About 15 years ago, I fell in love with the Dominican Republic while I was there for a week of watershed restoration research, courtesy of The Nature Conservancy. The government of the Dominican Republic also invited me and my wife, Maria, to an economic development conference held at a magnificent historic castle, where we had a truly magical day.
So, I was very sorry when, in September of 2022, Hurricane Fiona hit the Dominican Republic, with winds of up to 150 kilometers per hour.
Fiona caused severe flooding and extensive damage to livelihoods and critical services. The storm affected over 1.4 million people and caused widespread damage to public infrastructure, agriculture, water supplies and housing.
Thus, I was very happy to hear on January 23, 2023 that the World Bank had approved a $200 million reconstruction loan to the Dominican Government following the devastation caused by Hurricane Fiona.
Through this financing, more support will be provided for affected communities and the strengthening of the country’s institutional capacity to manage climate risk and chart a more resilient, inclusive recovery path.
“The World Bank promptly responded to the request from the Government of the Dominican Republic to continue to support the rehabilitation and reconstruction needed following Hurricane Fiona. This support will be key for assisting the affected areas even more, reducing the financial and economic impact of disasters and improving the country’s capacity to respond to future natural hazards,” said Dominican Finance Minister José Manuel Vicente.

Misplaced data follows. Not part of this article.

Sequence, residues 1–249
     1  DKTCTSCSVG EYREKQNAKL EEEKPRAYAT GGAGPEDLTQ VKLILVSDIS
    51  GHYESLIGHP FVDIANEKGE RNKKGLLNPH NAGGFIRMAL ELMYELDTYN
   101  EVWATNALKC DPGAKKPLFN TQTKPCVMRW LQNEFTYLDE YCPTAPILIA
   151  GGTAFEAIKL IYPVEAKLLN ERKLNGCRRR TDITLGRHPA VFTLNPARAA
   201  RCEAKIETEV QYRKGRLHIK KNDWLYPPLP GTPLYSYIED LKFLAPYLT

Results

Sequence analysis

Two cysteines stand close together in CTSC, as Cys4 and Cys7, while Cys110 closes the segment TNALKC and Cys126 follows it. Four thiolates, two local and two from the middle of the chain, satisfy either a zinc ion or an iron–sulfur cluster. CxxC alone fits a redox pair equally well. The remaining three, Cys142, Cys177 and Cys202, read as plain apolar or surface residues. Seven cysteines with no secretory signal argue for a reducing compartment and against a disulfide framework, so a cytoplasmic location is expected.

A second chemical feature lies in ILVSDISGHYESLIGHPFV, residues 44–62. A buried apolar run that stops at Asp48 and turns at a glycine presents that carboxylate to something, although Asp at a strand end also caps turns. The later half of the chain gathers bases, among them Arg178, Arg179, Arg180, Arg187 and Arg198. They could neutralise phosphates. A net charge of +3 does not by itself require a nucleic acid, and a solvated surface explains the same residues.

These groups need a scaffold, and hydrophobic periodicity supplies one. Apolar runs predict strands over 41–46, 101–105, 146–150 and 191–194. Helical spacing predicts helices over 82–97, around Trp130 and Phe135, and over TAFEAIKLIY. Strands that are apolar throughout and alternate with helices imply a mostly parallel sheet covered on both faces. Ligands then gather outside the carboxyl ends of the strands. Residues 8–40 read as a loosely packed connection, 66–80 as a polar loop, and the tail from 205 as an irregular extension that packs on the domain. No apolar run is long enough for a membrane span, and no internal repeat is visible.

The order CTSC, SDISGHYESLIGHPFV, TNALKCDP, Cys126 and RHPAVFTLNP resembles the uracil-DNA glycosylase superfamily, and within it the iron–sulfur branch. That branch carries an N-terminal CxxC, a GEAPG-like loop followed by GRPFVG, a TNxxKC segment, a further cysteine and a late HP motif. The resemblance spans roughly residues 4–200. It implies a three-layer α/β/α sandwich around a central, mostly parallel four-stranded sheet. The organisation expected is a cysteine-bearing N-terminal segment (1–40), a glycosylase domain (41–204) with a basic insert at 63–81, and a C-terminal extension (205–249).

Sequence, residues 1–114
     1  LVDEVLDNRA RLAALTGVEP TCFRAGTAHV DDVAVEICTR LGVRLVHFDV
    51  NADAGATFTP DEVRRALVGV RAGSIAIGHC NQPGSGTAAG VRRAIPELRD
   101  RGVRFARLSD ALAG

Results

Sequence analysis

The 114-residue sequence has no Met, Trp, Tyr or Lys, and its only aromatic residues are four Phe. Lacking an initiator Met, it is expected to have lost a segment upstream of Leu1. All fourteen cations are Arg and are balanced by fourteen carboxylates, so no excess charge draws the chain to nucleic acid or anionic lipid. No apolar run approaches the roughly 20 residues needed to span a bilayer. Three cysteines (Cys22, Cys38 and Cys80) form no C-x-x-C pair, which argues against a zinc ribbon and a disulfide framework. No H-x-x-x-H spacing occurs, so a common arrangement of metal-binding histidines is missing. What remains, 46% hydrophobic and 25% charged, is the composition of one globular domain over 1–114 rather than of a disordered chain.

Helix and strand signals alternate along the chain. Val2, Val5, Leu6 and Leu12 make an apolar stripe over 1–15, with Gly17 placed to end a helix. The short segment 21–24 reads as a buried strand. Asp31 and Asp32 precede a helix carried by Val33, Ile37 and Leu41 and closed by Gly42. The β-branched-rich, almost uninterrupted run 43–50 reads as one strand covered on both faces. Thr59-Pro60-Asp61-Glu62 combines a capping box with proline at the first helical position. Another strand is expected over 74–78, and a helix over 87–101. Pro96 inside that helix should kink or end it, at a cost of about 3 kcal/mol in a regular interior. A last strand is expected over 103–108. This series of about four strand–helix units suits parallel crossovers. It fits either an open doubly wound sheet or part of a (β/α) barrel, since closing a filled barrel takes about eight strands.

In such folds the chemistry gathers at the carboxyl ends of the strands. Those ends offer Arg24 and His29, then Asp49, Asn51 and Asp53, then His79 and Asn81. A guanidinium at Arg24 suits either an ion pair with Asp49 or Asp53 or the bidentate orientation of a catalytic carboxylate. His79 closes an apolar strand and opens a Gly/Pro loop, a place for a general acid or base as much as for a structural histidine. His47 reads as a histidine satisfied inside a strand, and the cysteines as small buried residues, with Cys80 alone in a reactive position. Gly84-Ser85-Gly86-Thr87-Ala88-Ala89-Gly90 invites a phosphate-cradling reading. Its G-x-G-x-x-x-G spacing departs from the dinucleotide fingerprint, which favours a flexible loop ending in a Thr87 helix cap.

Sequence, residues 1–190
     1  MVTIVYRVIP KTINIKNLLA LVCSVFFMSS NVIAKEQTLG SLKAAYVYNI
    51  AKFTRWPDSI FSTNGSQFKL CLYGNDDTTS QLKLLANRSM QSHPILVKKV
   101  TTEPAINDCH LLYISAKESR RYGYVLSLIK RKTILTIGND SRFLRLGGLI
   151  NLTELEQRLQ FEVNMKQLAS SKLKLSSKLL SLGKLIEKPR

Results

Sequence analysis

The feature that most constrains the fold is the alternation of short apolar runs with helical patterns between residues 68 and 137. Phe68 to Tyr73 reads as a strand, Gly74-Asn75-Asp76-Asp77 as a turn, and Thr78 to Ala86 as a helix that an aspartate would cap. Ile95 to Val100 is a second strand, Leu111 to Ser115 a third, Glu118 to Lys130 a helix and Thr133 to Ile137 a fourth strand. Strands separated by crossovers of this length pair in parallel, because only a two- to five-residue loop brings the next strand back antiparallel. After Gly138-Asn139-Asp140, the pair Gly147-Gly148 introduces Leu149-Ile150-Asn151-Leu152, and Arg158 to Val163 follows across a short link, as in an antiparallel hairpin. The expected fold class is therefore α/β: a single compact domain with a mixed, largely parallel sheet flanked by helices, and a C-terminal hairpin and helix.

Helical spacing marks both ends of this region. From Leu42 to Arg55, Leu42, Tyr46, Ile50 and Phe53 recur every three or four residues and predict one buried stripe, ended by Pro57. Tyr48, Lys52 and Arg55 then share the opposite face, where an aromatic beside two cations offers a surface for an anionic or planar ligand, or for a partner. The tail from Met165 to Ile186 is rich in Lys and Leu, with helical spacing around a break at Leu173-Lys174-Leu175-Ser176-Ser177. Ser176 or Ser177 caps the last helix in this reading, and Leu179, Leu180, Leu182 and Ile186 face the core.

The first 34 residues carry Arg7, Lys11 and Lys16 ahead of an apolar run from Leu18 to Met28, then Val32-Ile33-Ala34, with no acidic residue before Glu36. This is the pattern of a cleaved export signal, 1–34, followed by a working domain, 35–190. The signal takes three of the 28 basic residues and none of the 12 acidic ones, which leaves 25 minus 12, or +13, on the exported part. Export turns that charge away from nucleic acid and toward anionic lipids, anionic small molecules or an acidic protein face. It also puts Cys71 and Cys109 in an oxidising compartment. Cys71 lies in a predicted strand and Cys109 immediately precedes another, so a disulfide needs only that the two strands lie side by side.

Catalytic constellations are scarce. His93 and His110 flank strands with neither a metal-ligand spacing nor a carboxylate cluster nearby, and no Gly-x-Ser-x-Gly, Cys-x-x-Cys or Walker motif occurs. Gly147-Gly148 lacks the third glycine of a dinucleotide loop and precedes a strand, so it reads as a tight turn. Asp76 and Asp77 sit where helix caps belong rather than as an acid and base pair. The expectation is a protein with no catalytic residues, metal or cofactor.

The Dominican Republic Hurricane Fiona Emergency Response Project will focus mainly on continuing to support the population of the eight most affected municipalities (Hato Mayor, La Altagracia, La Romana, El Seibo, Monte Plata, Samaná, María Trinidad Sánchez and Duarte), restoring livelihoods, improving crucial public and community infrastructure and reducing the vulnerability of communities to natural hazards and the negative impacts of climate change.
“Disasters have a greater impact on the poorest households and pose significant risks to the economic stability, security and well-being of the population,” said Alexandria Valerio, World Bank Representative for the Dominican Republic.
“Through this project, we will work closely with the Dominican Republic to support families affected by Fiona, as well as medium- and long-term development goals that enable the country to become more resilient in a more inclusive and sustainable way,” she added.
The project will benefit 70,000 people in the most affected areas with timely aid, as well as some 300,000 people through improvements to public and community infrastructure.
The project will also provide at least 54 local governments with access to land planning instruments, enabling better risk management at the municipal and national levels, and following the guidelines of the recently adopted Land Management Law.
Activities will also focus on strengthening geospatial information systems to assess catastrophe risk and adequate response. The entire Dominican population will benefit from the improvement of the government’s capacity to respond to disasters and emergencies.
Photo (© World Bank) shows a woman in a municipality affected by Hurricane Fiona.